Cliff tiger beetle (Cicindela germanica)

GenusCicindela (1)
SizeLength: 8-11 mm (2)

Classified as Rare in Great Britain (3).

The cliff tiger beetle is the smallest tiger beetle in Britain. It is typically dull green in colour with a coppery sheen, but it may occasionally be bluish or almost black (2). There are 3 pale spots on the margins of each wing-case (elytra) (2).

This beetle was once distributed along the coast of England between Hampshire and Devon, and also occurred in South Wales, with unconfirmed historical records from Berkshire and Kent. However, it has only been found in Dorset and on the Isle of Wight since 1970. Outside of Britain, it has a wide distribution from western Europe reaching east to China (3).

Lives on coastal cliffs, or near their bases, on bare or sparsely vegetated sand or silt close to seepages of freshwater (3).

The life cycle of this tiger beetle takes a year to complete; adults breed in the summer, larvaehibernate during winter in vertical burrows in sand or silt, and adults emerge the following spring (3). The larvae and adults are predatory, hunting invertebrates that are active on the surface, particularly ants (3). This species rarely flies; instead it moves around by running rapidly over sand (4).

The threats facing this beetle include coastal erosion and development, cliff stabilisation programmes, as well as the growth of scrub (3).

The cliff tiger beetle is a UK Biodiversity Action Plan (UK BAP) priority species; its Species Action Plan aims to maintain all current populations, and ensure that new populations are established in at least 5 sites within the historic range before 2010 (3). This beetle receives some protection, as some sites in which it occurs are designated Sites of Special Scientific Interest (SSSIs) or National Nature Reserves (NNRs) (3). Furthermore, English Nature has included the cliff tiger beetle in its Species Recovery Programme.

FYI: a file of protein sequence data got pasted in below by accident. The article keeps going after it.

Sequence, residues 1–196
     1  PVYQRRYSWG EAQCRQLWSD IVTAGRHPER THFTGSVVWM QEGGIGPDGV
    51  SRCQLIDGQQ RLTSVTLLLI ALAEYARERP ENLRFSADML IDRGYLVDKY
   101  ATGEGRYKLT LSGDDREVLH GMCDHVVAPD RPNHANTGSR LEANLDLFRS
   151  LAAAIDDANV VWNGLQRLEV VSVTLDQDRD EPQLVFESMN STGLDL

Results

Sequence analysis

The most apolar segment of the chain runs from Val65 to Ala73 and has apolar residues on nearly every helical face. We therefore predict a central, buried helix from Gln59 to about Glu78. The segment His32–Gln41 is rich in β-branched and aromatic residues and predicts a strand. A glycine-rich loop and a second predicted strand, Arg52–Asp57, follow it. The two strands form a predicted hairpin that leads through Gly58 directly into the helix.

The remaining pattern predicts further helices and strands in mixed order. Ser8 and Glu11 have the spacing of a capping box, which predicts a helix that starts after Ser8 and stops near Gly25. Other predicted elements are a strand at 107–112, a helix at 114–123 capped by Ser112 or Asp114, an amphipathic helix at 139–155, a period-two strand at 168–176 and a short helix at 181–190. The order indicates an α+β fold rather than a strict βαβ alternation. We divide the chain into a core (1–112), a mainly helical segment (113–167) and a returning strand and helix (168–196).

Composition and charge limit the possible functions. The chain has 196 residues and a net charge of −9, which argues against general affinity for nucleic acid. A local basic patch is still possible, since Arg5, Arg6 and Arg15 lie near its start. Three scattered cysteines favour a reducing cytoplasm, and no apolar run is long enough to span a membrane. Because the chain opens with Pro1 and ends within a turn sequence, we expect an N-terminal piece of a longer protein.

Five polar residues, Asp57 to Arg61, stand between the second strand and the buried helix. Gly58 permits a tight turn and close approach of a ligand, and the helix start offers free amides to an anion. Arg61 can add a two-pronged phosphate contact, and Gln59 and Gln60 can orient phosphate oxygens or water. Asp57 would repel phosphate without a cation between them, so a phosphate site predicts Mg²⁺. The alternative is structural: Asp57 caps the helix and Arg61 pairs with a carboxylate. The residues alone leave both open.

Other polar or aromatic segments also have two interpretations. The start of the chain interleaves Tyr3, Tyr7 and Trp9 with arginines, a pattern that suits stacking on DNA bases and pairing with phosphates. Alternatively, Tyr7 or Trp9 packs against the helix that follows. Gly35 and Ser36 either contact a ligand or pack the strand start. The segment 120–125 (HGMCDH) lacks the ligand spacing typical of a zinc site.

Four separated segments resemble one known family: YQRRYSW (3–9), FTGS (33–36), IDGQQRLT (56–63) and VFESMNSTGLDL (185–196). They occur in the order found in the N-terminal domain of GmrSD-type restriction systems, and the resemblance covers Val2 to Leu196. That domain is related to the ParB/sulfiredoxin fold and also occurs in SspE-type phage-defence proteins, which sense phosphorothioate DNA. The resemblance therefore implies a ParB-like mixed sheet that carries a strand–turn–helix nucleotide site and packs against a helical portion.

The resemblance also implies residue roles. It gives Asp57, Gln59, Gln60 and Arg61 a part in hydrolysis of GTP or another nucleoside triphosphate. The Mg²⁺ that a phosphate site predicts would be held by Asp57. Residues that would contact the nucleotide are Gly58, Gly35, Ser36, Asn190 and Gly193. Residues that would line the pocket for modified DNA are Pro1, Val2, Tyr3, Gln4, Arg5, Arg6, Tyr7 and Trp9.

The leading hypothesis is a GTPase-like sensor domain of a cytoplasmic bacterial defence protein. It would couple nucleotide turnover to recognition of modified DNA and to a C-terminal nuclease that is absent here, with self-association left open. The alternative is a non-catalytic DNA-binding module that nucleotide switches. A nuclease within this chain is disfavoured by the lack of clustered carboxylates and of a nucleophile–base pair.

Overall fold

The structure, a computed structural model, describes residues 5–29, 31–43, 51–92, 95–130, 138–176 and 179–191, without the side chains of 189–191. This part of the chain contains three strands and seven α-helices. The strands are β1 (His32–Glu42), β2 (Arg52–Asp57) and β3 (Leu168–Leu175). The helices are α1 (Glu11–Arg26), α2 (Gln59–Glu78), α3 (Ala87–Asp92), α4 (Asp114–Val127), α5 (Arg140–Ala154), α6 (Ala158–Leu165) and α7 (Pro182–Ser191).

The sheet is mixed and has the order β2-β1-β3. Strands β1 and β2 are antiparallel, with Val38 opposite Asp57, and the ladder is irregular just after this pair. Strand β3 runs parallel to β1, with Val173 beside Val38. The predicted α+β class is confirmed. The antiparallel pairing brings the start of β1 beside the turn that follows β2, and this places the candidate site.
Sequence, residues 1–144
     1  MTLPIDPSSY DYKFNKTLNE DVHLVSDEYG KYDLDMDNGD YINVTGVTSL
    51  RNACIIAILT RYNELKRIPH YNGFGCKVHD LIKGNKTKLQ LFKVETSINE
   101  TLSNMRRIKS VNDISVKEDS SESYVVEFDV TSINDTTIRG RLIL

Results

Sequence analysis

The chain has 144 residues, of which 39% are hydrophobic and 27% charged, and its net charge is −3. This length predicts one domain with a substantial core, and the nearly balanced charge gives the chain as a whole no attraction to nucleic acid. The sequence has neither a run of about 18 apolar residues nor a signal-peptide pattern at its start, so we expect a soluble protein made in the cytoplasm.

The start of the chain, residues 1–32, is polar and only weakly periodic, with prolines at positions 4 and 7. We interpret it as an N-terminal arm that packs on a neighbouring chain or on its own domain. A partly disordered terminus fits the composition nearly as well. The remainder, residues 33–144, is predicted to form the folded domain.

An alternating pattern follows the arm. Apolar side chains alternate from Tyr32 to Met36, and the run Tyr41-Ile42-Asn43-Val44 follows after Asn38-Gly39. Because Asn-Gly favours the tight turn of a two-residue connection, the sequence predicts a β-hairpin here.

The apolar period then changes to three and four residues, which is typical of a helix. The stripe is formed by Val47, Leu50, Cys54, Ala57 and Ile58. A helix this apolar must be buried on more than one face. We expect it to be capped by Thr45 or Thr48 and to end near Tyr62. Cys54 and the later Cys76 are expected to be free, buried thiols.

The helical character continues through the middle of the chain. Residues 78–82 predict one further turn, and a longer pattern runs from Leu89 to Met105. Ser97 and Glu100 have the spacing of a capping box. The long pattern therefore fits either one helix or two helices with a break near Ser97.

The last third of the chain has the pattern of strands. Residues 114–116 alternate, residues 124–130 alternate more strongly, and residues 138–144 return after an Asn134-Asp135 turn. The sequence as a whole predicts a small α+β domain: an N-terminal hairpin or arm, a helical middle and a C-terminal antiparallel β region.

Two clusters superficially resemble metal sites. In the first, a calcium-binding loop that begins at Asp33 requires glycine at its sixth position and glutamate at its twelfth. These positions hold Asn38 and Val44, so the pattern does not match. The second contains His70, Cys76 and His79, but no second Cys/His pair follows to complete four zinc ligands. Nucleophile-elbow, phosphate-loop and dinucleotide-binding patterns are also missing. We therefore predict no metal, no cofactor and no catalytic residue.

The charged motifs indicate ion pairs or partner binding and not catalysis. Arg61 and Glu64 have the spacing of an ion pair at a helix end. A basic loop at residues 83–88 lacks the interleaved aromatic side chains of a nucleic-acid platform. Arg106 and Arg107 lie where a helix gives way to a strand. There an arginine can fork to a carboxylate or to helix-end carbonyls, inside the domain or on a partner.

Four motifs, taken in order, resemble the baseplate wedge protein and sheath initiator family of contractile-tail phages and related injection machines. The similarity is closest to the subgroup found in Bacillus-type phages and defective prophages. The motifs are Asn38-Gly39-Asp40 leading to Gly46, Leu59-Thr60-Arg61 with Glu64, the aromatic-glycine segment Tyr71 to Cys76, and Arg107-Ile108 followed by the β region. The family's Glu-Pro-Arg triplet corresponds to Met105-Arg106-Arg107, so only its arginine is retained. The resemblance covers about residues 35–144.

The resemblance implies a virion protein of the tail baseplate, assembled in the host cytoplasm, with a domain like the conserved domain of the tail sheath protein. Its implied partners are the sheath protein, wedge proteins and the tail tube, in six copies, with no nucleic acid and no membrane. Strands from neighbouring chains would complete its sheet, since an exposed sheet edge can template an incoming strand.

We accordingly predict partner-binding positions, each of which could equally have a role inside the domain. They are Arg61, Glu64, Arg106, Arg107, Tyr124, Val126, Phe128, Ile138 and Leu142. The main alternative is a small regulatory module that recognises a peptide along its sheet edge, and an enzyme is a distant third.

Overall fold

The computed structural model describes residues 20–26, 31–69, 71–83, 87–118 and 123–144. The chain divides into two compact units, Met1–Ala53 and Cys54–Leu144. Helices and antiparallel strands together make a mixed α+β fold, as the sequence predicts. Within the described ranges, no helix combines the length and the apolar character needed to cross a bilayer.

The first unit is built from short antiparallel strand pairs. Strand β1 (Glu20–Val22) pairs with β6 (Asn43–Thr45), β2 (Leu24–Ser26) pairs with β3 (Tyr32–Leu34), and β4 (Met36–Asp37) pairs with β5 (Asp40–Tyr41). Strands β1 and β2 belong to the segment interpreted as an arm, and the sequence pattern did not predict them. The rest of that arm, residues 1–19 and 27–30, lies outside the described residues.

For more on English Nature's Species Recovery Programme see:

This information is awaiting authentication by a species expert, and will be updated as soon as possible. If you are able to help please contact:

  1. National Biodiversity Network Species Dictionary (September 2002)
  2. Lindroth, C. H. (1974) Handbooks for the identification of British insects. Volume IV. Part 2: Coleoptera, Carabidae. The Royal Entomological Society of London, London.
  3. UK BAP (September 2002)
  4. Hymen, P. S. and Parsons, M.S. (1992) A review of the scarce and threatened Coleoptera of Great Britain: Part 1. JNCC, Peterborough.